Wednesday, 16 November 2016

Shadows (1959)

There are several criteria for making the List. Some movies were award winners, some were successes at the box office and some have simply passed the test of time and become classics. Then there are those that are none of the above, but critically acclaimed. They are a mixed bunch and make up a not insignificant portion of the List. For me there is a special group that transcends all these categories, namely those movies that does something new, breeth fresh life into the media and help shape movies as we know them today. “Shadows” is exactly such a movie.

By the usual criteria I should not even like this movie, but I am strangely fascinated by it and watched it with this feeling that I was witnessing something special, a harbinger of things to come. Calling it a rebirth is probably stretching it, but it felt incredibly modern.

“Shadows” is the first movie made by the famous John Cassavetes. It is proclaimed as an improvisation exercise, but that has since been refuted as a gimmick. Nevertheless it is a far looser than normal movie in filming, structure, script, and even plot. It is a meandering sequence of scenes witnessing what appears to be random event in the life of three siblings in New York.

Hugh (Hugh Hurd) is a jazz singer getting crap jobs in third rate joints and not doing too well on those. He is constantly shadowed by his manager, a very overbearing type. Through a combination of Hugh’s ever present anger and his lack of success Hugh drives a wedge between them.

Ben (Ben Carruthers), Hugh brother, is an unemployed trumpeter who is idling his time away with his just as useless friends. They frequent bars to pick up girls and spend an awful amount of time being bored. Attempts at moving them out of the rut are halfhearted and doomed, such as a visit at a museum, and it takes a brutal thrashing for Ben to wake up.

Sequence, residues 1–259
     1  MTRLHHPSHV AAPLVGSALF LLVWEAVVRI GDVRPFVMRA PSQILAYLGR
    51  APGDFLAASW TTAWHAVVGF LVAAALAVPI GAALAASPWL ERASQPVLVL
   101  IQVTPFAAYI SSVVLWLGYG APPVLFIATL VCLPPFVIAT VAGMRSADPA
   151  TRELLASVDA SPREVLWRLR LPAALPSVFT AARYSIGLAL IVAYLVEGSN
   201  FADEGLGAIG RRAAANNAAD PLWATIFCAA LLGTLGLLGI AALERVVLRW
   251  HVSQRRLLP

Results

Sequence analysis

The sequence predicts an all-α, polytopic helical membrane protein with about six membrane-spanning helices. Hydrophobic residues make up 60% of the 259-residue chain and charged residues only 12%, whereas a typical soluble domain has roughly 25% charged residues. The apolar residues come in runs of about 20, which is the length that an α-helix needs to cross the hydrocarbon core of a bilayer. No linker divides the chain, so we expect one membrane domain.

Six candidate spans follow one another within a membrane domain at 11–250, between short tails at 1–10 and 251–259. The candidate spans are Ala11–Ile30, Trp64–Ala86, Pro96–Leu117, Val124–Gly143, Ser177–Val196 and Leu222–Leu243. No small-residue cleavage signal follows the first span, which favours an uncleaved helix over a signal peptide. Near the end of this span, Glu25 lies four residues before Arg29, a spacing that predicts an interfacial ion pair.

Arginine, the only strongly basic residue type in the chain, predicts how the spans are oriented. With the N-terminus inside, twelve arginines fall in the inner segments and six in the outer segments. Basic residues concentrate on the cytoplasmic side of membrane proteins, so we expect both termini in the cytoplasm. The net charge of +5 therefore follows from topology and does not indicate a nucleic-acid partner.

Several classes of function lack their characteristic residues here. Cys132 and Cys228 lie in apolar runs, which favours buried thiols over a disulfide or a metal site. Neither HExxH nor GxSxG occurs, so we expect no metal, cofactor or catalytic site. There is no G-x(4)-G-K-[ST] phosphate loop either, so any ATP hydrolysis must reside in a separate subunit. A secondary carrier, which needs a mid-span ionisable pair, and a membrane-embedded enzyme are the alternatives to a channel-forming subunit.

Lelia (Lelia Goldoni), the sister, is a pretty, flirtatious girl, who is hell bent on defining her own rules. She allows herself to be impulsive, whether it be to walk up and kiss a stranger or invite a new flirt on a date with the current boyfriend. She has artistic aspirations and also in these insists on defying conventions. However beneath the independent front she is vulnerable and surprisingly innocent and whenever her attitude gets her into trouble she curl up or lash out as if she is ashamed of that vulnerability.

The life these siblings lead are very much in line with the beat-generation writers such as Jack Kerouac. It is a search for meaning, but a rebellious search outside conventions. In that sense it reminded me of Fellini’s “I Vitelloni”, but here the style of filming and acting points forward to Jim Jarmusch or Robert Altman. It is like a Dogme movie four decades before the term was coined. It lends the movie a realism and a refreshing air that makes it exciting to watch.

Completely in line with the style of the movie the conclusion is vague. It is a coming to terms conclusion, accepting things, that brings a calmness, but is sufficiently open-ended to not really be a conclusion at all and I am left with the feeling, for better or worse, that I simply watched a few days in the life of these siblings.

“Shadows” has a curious detail that has been made a lot of in reviews and comment, which is that of race. The movie is absolutely colorblind and the characters are all shades at random. Only for a single character does it seem to be an issue, otherwise people are simply people as if Cassavetes is simply stating that it is a non-issue. I prefer to look at it like that and just be bemused of the attention that particular detail has received.

You want to see something else tonight? Go watch “Shadows”. Lean back, let it play out. It is quite rewarding.


  1. I absolutely love John Cassavettes and this is one of his I have not seen. Your review makes me even more excited to get to it. So glad you liked it!

    1. I think you will find it at least interesting. And that is something.